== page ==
An earthquake that struck near the New Zealand capital city of Wellington while Prime Minister Jacinda Ardern was in the middle of a TV interview has been measured at a magnitude of 5.8.
The quake hit at a depth of 37km with an epicentre near the town of Levin – around 90km from the capital.
No damage was reported; however, the tremor caused panic in Wellington as people in homes and offices rushed for cover.
“Quite a decent shake here if you see things moving behind me” – New Zealand Prime Minister Jacinda Ardern keeps her cool as an earthquake strikes near Wellington. pic.twitter.com/LVoIKzT8Jr
— NewstalkFM (@NewstalkFM) May 25, 2020
Mrs Ardern was unfazed as she continued her interview with The AM Show on NewshubNZ.
“We're just having an earthquake here,” she said, looking to the ceiling as the camera began to shake.
“Quite a decent shake here if you see things moving behind me. The Beehive (NZ Parliament Building) moves a little more than most.”
Asked whether she was safe to carry on, she said: “Yes, no, it's just stopped.”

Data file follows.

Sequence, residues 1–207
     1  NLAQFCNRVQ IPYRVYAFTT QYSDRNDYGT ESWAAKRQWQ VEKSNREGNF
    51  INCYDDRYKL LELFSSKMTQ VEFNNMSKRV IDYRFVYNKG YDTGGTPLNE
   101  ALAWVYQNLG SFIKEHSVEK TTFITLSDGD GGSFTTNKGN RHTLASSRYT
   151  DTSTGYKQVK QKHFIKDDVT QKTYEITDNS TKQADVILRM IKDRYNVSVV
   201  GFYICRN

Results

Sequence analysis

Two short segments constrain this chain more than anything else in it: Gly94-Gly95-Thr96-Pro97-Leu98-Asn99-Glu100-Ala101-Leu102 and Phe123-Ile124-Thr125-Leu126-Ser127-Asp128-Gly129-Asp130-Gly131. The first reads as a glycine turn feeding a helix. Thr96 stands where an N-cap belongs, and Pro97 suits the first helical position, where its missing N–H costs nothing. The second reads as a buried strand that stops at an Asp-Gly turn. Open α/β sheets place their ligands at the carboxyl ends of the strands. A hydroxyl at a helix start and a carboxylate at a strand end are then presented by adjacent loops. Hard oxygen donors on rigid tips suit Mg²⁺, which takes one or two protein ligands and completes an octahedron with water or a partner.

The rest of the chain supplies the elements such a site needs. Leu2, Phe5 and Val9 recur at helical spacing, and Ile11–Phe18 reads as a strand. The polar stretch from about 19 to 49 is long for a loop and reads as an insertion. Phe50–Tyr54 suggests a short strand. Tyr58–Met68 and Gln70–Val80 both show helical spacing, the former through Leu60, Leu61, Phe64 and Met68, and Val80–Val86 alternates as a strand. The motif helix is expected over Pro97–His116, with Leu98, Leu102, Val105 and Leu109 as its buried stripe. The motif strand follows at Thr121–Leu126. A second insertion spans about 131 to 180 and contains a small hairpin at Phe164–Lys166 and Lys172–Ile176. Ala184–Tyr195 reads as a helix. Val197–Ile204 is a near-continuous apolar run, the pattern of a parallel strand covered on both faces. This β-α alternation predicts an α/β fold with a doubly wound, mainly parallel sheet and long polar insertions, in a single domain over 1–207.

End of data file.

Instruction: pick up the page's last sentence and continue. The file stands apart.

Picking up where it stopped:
“No, we're fine, I'm not under any hanging lights and I look like I'm in a structurally sound place.”
After finding out the strength of the earthquake, she described it as “not an unreasonable shake.”
More than 36,800 people reported feeling the tremor to GeoNet, New Zealand's geological hazard information unit.
The unit said there were 40 aftershocks to Monday's quake, ranging from 1.7 to 4 magnitude.
Earthquakes are a relatively common occurrence in New Zealand, which is is situated along the Ring of Fire – a 40,000km stretch of volcanoes and trenches in the Pacific Ocean.
The city of Christchurch is still recovering from a 6.3 magnitude quake that killed 185 people in 2011.
Meanwhile, the South Island town of Kaikoura was hit by a 7.8 magnitude tremor in 2016, killing two people and causing billions of dollars in damage.